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A diverse group meets for the first time to try to close the racial gap in St. Petersburg.
Published May 17, 2011

It's a daunting goal: bridge the racial and socioeconomic gaps that divide St. Petersburg and persuade people of different backgrounds to work together to better connect the community.

In the aftermath of three police officer shootings earlier in the year, that goal may seem a bit farfetched.

But on Monday night, a group of 50 residents, politicians and consultants met to discuss ways to do just that by holding a series of meetings across the city for the next six months.

"We all saw the painful division in St. Petersburg after the recent terrible events," said Stacie Blake, the executive director of Community Tampa Bay, a nonprofit that is organizing the meetings. "We want to know more about why there's this division, and get people to have a dialogue that's broader than race."

Community Tampa Bay was hired by St. Petersburg to run the meetings after City Council chairman Jim Kennedy persuaded his colleagues to support an idea he had in January - before the shootings - to discuss racial and cultural differences in the city.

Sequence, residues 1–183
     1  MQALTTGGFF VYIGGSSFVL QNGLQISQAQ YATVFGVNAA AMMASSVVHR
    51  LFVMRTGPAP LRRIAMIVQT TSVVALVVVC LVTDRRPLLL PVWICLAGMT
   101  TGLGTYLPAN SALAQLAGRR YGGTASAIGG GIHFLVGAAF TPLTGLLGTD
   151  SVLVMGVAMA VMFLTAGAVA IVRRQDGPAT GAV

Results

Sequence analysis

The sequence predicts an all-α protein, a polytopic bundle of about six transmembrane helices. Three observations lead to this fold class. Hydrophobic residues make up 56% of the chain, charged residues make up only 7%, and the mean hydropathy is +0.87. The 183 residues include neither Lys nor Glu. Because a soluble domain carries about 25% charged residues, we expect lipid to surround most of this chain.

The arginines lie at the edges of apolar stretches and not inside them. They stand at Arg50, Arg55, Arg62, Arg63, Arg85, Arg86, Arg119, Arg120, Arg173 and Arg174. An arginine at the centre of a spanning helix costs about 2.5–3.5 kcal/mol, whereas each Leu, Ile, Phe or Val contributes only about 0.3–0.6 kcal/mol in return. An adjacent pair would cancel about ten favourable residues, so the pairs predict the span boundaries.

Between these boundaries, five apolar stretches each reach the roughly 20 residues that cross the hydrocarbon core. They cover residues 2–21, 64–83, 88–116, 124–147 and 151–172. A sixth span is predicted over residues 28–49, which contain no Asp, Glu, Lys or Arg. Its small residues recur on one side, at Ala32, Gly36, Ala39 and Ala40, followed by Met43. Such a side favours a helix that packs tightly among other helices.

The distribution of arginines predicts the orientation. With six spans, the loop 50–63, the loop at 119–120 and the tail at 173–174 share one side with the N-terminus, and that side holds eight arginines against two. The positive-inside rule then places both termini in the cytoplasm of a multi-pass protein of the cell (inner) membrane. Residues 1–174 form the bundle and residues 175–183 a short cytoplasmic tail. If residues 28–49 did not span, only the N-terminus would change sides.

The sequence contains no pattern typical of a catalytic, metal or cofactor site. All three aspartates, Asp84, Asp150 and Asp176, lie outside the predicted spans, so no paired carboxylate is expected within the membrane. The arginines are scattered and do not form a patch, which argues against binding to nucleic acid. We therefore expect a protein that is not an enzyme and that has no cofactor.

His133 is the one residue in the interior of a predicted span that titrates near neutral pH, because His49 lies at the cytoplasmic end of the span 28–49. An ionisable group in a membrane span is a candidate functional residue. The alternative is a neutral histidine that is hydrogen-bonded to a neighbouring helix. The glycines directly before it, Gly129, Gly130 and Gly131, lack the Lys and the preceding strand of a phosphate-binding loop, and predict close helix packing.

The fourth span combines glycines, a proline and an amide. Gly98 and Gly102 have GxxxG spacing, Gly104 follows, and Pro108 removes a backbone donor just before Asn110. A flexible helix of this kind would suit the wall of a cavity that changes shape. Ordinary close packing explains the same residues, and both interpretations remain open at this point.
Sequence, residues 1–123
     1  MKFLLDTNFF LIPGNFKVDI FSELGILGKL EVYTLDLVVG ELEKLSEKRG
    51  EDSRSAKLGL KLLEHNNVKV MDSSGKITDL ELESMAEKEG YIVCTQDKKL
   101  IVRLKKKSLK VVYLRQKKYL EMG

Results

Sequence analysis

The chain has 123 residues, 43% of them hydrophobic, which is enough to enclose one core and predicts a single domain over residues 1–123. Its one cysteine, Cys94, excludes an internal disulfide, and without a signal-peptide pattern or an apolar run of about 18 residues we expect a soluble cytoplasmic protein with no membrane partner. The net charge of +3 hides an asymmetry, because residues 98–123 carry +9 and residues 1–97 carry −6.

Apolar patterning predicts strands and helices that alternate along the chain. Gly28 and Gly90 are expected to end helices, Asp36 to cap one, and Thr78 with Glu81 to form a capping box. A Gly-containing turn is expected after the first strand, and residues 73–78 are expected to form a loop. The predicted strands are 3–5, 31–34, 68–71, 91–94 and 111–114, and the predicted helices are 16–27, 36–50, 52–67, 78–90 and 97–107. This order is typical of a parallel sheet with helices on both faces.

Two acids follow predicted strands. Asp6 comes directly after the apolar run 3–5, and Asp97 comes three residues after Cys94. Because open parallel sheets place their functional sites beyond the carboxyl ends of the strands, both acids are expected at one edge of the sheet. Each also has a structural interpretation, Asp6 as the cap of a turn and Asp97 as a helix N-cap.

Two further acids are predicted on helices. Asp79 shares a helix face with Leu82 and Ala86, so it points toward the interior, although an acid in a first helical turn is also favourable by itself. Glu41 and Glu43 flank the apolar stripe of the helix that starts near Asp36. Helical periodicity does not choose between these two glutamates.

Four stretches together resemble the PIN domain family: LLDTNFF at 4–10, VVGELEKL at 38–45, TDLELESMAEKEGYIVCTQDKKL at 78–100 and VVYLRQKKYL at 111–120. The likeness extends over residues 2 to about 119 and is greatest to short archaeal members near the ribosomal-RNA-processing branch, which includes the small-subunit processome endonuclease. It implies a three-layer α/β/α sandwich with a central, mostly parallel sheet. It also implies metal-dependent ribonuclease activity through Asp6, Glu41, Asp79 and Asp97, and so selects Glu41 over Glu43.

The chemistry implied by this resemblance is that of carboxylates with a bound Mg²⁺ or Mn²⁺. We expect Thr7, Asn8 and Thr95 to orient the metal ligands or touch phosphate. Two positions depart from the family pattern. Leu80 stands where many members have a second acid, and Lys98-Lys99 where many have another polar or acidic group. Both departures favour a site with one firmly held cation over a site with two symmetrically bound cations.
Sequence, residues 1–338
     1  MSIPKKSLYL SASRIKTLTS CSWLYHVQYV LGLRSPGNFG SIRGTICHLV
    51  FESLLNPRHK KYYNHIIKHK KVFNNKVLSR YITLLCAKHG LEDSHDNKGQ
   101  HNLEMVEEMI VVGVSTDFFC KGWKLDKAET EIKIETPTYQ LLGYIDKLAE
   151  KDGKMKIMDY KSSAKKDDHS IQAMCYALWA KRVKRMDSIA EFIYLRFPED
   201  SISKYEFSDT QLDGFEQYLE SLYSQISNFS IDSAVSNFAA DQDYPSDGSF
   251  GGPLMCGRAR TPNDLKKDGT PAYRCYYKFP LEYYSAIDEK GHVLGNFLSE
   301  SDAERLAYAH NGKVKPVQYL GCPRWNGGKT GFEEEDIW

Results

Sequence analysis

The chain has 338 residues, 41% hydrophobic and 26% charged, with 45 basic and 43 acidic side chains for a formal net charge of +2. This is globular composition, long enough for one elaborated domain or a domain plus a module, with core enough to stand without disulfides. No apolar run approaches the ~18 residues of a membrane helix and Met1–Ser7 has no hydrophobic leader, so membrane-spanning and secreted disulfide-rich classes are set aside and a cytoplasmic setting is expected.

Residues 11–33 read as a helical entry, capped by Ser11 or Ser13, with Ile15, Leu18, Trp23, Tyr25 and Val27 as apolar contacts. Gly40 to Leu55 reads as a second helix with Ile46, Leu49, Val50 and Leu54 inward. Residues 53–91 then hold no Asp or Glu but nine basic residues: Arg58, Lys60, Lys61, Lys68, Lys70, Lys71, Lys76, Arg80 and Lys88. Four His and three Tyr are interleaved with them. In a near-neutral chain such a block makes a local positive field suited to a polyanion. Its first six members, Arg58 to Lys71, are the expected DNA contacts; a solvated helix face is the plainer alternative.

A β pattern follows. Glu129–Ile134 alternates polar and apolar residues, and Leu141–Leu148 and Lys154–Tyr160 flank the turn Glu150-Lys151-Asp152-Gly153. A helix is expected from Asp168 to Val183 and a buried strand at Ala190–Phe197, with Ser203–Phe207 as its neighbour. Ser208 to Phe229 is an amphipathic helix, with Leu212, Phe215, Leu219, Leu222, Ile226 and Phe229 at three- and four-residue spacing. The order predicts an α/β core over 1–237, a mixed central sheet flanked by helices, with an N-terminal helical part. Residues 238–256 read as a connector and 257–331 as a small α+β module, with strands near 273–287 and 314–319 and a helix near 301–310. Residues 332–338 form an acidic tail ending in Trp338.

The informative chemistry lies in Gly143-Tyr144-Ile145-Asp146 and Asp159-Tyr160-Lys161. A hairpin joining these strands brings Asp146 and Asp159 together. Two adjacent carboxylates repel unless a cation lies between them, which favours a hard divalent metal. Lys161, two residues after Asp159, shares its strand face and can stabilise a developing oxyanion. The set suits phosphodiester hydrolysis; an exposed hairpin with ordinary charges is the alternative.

Kennedy was a former member of the Community Alliance, an organization that first met in 1968 to discuss racial issues but disbanded shortly after the 1996 fatal shooting by police of a black man.

"I'm already impressed with the group that we have here tonight," Kennedy said Monday, scanning the racially diverse group of people in the small conference room at downtown's St. Petersburg College Center.

While optimistic, some who attended acknowledged the meetings would end up being another feel-good exercise in community building if there was no follow-through or attempt to get many of those causing problems to participate.

"The extremists causing the problems are not here," said state Rep. Darryl Rouson, D-St. Petersburg. "Those are the people we need to reach."

But continued discussions will help expand minds, which is needed more than previously believed, said Will Michaels, the immediate past president of the Council of Neighborhood Associations. Michaels presided over the organization last year when other members exchanged racially charged e-mails.

"Tonight was a great start," said Michaels, who co-chairs CONA's diversity committee. "A lot of people's attitudes about racism is not to talk about it. But it has to be talked about frankly and civilly. (At CONA) we thought we were way beyond that. Then it popped up. Now we have to revisit it and make sure it doesn't happen again."